As a matter of fact, not only is idling not necessary, but it is actually not great for your car in a number of ways:

  • Driving you car warms the engine faster than idling does. You’re actually getting the engine to it’s ideal operating temperature faster by hitting the road than sitting in the driveway.
  • Idling wastes gas, which costs you money and is bad for the environment.
  • When the engine is idling, it’s not operating in the most efficient mode. Combustion of gasoline is actually incomplete when the engine is idling, which can cause performance issues over time if you idle a lot. Driving is the most efficient mode of operation for a vehicle.

idle-car

Auto Stop is your local auto repair shop, serving the Baltimore metro area. We are A+ accredited by the Better Business Bureau and our Angie’s List rating is an A. We are also an ARI Fleet repair center for all Fleet Repairs.

Our mechanics are highly trained and use state-of-the-art Automotive diagnostic equipment to pinpoint your particular issues, repair it, and get you back on the road as quickly as possible. We promise to diagnose your auto repair problems in an honest and professional manner and all of our work is 100% guaranteed!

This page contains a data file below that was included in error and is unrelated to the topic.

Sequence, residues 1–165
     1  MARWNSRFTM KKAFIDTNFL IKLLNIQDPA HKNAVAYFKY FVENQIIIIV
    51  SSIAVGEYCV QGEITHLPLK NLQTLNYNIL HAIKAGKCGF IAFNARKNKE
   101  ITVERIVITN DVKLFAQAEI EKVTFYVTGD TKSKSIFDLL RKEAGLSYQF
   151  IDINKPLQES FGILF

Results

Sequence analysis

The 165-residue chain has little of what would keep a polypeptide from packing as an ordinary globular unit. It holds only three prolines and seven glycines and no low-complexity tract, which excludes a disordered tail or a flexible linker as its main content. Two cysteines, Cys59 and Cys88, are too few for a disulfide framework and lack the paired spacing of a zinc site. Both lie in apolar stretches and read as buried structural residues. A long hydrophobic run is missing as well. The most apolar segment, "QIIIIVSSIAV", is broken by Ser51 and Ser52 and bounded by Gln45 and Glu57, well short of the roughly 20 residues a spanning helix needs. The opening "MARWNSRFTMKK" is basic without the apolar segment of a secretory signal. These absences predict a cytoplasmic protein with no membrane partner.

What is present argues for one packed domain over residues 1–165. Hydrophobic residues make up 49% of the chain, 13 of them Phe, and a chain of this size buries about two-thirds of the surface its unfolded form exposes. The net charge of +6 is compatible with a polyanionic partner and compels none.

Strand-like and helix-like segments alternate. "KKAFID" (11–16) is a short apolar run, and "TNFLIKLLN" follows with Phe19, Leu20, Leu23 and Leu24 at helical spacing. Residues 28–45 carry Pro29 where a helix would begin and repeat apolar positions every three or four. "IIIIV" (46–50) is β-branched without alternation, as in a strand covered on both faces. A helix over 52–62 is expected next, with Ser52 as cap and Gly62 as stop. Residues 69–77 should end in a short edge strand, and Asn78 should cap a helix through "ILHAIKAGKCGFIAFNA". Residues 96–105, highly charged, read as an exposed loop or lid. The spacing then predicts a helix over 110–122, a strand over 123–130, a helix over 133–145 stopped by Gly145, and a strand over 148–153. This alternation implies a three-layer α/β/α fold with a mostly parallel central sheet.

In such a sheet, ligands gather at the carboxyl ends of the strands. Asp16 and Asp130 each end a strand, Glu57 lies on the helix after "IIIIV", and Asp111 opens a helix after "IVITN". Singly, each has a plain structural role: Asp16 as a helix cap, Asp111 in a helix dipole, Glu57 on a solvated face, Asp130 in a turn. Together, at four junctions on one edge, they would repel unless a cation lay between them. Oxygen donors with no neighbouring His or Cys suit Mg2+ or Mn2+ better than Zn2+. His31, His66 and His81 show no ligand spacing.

How to Know When You Need a Transmission Flush in Baltimore

January 23rd, 2015

Every car owner dreads transmission damage. The mechanical component that literally makes the car move, the transmission is integral to the life of any motor vehicle. Therefore, it’s no surprise that it is a very complex piece of machinery that requires special care to maintain. Because of its complexity, cost, and importance, the transmission is very expensive to repair. In a busy city like Baltimore, people with cars have the advantage of freedom of movement. If the transmission breaks—and may it never fail in traffic—this freedom becomes strangled. One of the easiest and most efficient ways to care for the transmission is to put it through a transmission flush.

Flush Away the Problems